Skip to main content

Corporate fraud prosecutions upheld, but limited, by Supreme Court

By Bill Mears, CNN Supreme Court Producer
One of the rulings involved an appeal by former Enron CEO Jeffrey Skilling, who won dismissal of some conspiracy charges.
One of the rulings involved an appeal by former Enron CEO Jeffrey Skilling, who won dismissal of some conspiracy charges.
STORY HIGHLIGHTS
  • Complex set of opinions represent a partial victory for the Justice Department
  • Justices upheld "honest services" prosecution, but limited its use
  • Some convictions of former Enron CEO upheld, some dismissed
  • Convictions against Conrad Black and Alaska state lawmaker also dismissed
RELATED TOPICS

Washington (CNN) -- The federal government won a partial victory in its efforts to go after corporate fraud in three separate rulings from the Supreme Court Thursday.

The justices, in a complex set of opinions, upheld the continued used of a popular federal prosecution tool known as "honest services" -- but limited when it can be used against business executives and politicians.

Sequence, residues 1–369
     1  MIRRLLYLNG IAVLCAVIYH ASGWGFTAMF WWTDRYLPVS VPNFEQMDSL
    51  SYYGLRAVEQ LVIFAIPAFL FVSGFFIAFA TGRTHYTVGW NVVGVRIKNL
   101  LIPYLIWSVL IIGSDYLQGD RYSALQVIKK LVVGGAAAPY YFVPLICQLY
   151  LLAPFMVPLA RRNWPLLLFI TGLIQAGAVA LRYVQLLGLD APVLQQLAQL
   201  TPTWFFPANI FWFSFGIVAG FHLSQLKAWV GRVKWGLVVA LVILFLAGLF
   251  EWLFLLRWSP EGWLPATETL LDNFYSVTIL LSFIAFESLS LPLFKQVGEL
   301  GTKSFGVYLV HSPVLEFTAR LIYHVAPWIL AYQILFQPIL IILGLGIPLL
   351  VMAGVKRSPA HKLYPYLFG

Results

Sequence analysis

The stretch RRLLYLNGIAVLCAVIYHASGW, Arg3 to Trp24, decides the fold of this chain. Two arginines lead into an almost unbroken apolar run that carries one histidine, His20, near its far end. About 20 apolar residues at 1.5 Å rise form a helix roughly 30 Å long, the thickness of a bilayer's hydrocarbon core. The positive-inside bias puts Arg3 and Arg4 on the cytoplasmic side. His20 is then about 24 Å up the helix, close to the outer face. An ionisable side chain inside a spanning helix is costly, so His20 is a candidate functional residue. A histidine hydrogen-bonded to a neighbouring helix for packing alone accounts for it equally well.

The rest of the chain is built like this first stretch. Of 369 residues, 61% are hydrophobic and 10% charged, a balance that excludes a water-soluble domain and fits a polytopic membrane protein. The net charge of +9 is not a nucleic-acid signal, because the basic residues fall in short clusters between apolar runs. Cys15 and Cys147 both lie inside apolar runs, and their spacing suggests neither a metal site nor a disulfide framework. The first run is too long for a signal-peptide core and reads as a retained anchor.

In the case involving former Enron CEO Jeffrey Skilling, the court upheld parts of his conviction, but dismissed the conspiracy charges that involved allegations he withheld "his honest services."

"Interpreted to encompass only bribery and kickback schemes," wrote Justice Ruth Bader Ginsburg, the law "is not unconstitutionally vague."

But as applied to Skilling, Ginsburg said, "the government did not, at any time, allege Skilling solicited, or accepted side payments from a third party in exchange for making these representations" about the energy service company's financial health. "It is therefore clear, as we read [the law], Skilling did not commit honest-services fraud."

Using that same legal standard, the court dismissed the separate convictions of imprisoned media executive Conrad Black and former Alaska state lawmaker Bruce Weyhrauch, because those prosecutions also relied on a wrong reading of "honest services."

All three cases were tossed back to lower courts for reconsideration. The government has the option of retrying the defendants.

The ruling is a mixed bag for the Obama administration and the Justice Department, which will be allowed to continue pursuing corporate fraud prosecutions, but under somewhat limited circumstances.

Lawyers.com Lexis Nexis Logo

Law firm search